Putin’s stealth takeover of Belarus gains momentum
And just days before the military drills began, a new pro-Kremlin Belarusian political party held its founding congress in Minsk on March 6. Prominent guests included a Russian lawmaker from Ukraine’s occupied Crimean peninsula and an advisor to Moscow-backed separatists in eastern Ukraine.
As the Belarus crisis enters its eighth month, the strategy of Russian President Vladimir Putin is coming into clearer focus: leverage the unrest, the political uncertainty, and Belarusian dictator Alyaksandr Lukashenka’s vulnerability in order to create a fait accompli assuring Moscow’s long-term dominance over the country.
Russia is steadily building the architecture that would allow it to expand its political and military footprint on the territory of its smaller Western neighbor. The Kremlin is methodically laying the groundwork to cement its hegemony over Belarus, regardless of how the political crisis is resolved or whether Lukashenka himself remains in power.
A key component of that architecture is military. Moscow has long sought to turn Belarus into a de facto extension of its own Western Military District by establishing effective dominance over its neighbor’s armed forces and gaining basing rights on its territory. And in recent months, Moscow has made giant leaps toward these goals.
Russia and Belarus have already planned a record number of joint military exercises for this year, culminating with the massive Zapad-2021 maneuvers scheduled for September 2021. On March 2, the two countries’ defense ministries signed a five-year strategic partnership agreement for the first time. And on the same day, Lukashenka appeared to drop his long-standing objection to a new Russian airbase on Belarusian territory.
Additionally, the pro-Kremlin daily Izvestia reported that Russian Defense Minister Sergei Shoigu and his Belarusian counterpart Viktor Khrenin agreed during talks on March 5 to establish three new joint military training centers. The facilities will be located in Russia’s Nizhny Novgorod and Kaliningrad regions and in Belarus’s Grodno region.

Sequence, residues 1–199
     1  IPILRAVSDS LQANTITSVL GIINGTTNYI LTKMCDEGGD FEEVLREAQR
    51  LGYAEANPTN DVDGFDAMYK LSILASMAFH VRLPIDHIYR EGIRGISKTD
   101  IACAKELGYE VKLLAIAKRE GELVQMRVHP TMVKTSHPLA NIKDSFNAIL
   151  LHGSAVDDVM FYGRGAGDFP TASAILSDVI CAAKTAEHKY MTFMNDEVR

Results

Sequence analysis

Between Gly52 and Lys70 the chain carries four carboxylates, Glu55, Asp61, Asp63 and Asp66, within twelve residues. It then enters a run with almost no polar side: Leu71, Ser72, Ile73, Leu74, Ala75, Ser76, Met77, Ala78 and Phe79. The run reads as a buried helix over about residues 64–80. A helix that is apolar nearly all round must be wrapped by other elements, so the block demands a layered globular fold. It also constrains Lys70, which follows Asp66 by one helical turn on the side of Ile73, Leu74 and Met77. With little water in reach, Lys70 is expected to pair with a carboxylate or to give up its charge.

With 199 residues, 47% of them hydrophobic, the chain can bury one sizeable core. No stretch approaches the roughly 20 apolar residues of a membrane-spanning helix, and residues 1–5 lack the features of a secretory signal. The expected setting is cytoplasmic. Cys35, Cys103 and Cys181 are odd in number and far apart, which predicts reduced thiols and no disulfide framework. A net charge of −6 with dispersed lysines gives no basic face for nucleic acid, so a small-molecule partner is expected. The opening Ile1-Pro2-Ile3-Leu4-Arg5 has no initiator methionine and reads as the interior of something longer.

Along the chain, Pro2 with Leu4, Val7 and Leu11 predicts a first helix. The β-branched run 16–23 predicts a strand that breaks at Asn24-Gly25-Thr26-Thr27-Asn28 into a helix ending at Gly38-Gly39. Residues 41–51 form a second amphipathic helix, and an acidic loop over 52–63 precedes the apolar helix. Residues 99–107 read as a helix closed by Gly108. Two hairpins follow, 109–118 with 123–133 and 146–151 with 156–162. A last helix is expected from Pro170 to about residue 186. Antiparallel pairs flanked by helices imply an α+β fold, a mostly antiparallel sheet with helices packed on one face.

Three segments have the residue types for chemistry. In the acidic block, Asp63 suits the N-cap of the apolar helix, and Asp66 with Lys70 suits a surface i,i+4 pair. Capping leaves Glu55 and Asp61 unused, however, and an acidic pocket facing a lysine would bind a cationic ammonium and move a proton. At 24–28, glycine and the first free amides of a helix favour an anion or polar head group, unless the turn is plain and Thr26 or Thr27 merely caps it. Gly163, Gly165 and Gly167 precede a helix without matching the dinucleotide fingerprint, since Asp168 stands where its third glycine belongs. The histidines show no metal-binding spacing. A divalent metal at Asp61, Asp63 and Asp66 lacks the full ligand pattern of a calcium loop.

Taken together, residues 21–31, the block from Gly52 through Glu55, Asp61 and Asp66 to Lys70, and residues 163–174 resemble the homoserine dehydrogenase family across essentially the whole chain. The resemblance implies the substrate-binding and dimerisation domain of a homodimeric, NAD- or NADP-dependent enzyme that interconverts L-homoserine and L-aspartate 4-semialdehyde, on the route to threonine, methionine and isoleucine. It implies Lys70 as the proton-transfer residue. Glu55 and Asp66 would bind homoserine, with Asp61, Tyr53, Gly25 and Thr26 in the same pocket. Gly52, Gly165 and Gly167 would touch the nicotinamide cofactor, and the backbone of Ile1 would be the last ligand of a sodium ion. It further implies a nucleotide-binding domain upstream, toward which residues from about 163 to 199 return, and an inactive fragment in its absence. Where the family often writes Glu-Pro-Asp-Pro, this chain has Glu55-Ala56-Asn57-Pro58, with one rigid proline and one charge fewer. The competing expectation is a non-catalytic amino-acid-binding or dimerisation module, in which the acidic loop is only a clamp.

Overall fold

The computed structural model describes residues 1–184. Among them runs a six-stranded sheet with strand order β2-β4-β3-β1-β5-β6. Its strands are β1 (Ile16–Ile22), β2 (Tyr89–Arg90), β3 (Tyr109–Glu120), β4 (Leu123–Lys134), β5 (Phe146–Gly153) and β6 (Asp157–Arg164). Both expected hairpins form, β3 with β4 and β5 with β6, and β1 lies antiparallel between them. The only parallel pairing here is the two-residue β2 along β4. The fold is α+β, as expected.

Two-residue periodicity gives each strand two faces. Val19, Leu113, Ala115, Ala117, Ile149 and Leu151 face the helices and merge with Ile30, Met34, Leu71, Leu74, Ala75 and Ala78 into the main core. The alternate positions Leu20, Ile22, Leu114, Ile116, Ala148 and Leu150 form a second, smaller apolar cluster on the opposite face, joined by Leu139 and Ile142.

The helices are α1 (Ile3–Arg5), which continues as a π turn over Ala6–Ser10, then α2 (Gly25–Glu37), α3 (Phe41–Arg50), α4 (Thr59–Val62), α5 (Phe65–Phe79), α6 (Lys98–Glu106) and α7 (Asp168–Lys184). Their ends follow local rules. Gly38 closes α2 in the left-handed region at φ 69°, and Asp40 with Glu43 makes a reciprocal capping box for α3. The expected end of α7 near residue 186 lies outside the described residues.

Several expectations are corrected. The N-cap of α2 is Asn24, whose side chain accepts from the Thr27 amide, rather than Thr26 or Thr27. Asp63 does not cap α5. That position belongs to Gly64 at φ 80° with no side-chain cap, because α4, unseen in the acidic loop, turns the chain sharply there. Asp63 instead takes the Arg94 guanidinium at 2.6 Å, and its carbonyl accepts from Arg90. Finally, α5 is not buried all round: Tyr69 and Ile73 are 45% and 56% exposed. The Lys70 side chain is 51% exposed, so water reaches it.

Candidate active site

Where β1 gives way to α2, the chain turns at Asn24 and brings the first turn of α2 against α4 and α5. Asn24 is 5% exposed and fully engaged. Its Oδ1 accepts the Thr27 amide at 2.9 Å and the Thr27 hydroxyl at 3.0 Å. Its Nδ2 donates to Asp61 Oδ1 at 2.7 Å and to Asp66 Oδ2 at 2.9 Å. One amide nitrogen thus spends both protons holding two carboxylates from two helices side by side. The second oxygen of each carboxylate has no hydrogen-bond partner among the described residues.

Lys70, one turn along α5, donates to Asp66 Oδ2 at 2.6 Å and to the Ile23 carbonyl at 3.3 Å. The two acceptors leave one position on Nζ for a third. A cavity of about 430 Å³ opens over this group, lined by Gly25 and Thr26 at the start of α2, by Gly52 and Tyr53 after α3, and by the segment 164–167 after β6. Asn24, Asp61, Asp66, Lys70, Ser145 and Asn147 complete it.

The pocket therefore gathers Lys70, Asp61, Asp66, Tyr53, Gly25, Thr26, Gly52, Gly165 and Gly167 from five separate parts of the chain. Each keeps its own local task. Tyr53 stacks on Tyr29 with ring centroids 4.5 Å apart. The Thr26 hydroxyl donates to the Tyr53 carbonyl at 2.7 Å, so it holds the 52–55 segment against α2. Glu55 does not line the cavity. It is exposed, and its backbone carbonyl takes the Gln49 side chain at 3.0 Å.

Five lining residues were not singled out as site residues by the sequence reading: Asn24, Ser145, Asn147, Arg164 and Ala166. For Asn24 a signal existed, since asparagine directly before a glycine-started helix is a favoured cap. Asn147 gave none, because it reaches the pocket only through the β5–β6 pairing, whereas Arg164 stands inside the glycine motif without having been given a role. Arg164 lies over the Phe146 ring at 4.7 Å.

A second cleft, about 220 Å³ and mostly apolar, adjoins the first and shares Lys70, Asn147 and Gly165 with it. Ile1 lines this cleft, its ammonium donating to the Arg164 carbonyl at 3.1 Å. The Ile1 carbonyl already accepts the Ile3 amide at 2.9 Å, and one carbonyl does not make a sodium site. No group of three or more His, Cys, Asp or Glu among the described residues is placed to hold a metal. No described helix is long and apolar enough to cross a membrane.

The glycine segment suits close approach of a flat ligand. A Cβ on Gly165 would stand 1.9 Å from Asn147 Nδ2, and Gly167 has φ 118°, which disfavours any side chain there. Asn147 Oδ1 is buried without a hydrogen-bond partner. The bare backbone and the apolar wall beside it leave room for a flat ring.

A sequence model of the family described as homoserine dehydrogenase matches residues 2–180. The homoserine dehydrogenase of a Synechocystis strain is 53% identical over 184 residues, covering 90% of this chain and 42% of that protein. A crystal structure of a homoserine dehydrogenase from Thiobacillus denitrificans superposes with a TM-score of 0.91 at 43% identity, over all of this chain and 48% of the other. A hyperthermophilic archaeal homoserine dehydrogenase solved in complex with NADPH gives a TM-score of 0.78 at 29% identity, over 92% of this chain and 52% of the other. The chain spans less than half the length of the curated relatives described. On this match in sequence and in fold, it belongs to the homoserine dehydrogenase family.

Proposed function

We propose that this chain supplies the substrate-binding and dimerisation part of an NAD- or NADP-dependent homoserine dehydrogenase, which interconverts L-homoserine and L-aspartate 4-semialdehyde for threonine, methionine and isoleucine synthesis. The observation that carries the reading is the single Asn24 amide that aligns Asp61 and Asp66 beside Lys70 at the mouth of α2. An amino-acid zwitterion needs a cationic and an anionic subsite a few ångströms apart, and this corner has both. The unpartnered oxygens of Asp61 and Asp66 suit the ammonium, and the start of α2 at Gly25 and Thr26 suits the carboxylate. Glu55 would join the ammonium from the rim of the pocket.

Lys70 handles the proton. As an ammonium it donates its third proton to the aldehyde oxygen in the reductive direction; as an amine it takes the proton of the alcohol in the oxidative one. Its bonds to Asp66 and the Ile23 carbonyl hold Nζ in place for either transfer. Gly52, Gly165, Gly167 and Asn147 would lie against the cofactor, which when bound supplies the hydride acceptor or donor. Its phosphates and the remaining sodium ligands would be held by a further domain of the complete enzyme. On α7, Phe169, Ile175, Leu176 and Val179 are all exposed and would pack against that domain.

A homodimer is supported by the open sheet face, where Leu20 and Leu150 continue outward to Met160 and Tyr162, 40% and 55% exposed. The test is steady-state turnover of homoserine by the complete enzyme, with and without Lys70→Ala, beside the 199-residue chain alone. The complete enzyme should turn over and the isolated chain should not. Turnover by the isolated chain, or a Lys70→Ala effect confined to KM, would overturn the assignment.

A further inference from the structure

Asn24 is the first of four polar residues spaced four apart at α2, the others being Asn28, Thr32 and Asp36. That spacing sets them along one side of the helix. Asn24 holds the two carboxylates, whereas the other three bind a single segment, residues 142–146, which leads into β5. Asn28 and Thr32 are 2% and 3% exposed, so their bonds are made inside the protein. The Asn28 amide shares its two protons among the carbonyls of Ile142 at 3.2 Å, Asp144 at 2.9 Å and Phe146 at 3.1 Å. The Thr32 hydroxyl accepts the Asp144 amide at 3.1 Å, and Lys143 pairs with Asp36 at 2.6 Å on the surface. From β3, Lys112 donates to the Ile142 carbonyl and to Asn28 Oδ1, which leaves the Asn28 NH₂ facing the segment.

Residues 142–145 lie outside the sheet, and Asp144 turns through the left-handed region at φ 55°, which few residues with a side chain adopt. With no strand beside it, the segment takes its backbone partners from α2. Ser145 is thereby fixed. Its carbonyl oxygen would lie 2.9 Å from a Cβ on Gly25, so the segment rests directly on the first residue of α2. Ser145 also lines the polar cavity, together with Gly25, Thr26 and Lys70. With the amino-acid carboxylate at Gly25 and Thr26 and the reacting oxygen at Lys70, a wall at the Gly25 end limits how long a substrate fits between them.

This month will also witness two sets of joint military exercises, from March 9–20 at the Polivno training range in Russia’s Ulyanovsk Oblast, and from March 15–27 at the Osipovichsky training facility in Minsk Oblast.
Dmitry Mezentsev, Russia’s Ambassador to Belarus, has stated that Moscow has no intention of creating a single army with Belarus. But whether or not that is the case, the Kremlin has nevertheless long sought to turn the Belarusian armed forces into effective adjuncts of its own military.
Back in 2015, the commander of Russia’s Western Military District, Anatoly Sidorov, suggested reassigning Belarusian soldiers who are part of the Regional Group of Forces for the Union State to the command of Russia’s Western Military District.
In the past, Shoigu has also proposed integrating the defense and security apparatus of Belarus and Russia into a joint decision-making center in Moscow. A similar model has already been implemented in Georgia’s Russian-occupied regions of Abkhazia and South Ossetia.
Lukashenka had resisted these efforts in the past. It is unclear whether his current political vulnerability following seven months of unprecedented anti-regime protests will lead him to be more pliant.
Russia’s military strategy in Belarus can easily be derailed if Moscow fails to control its neighbor’s politics. The Kremlin now appears to be taking steps to address this issue. On March 6, the newly formed pro-Kremlin party Soyuz (Union) held its founding congress in Minsk.
The identities of the Russian politicians present at the event sent an unmistakable message. Featured prominently were Russian State Duma deputy Dmitry Belik, who represented Sevastopol in the illegally annexed Crimean peninsula; Alexander Kazakov, who served as an advisor to separatist leader Aleksandr Zakharchenko in eastern Ukraine’s self-styled Donetsk People’s Republic; and Viktor Yatsenko, who was the “Minister of Communications” for that unrecognized republic.
Political analyst Olga Kharlamova told Deutsche Welle that Soyuz is “a tool of influence” for Russia that allows Moscow “to stake out territory” in the Belarusian political system. Kharlamova added that this territory would expand if Kremlin-backed constitutional changes are implemented. Russia is currently pressuring Lukashenka to revise the Belarusian Constitution in order to increase the authority of the country’s parliament at the expense of the presidency.
If the Kremlin gets its way, “political parties will have more room for maneuver and there will be not one, but at least two or three parties that will represent Russian interests, regardless of how they are called and positioned,” Kharlamova commented.
As is usually the case, the Putin regime is keeping its options open and operating on several fronts in Belarus. It is maneuvering politically to control the outcome of the political crisis, whether Lukashenka succeeds in clinging on to power or not. At the same time, Moscow is building the architecture to turn Belarus into an extension of Russia for military purposes, a development that would dramatically alter the security equation on NATO’s eastern flank.
This is a security threat that the United States and its allies cannot afford to ignore.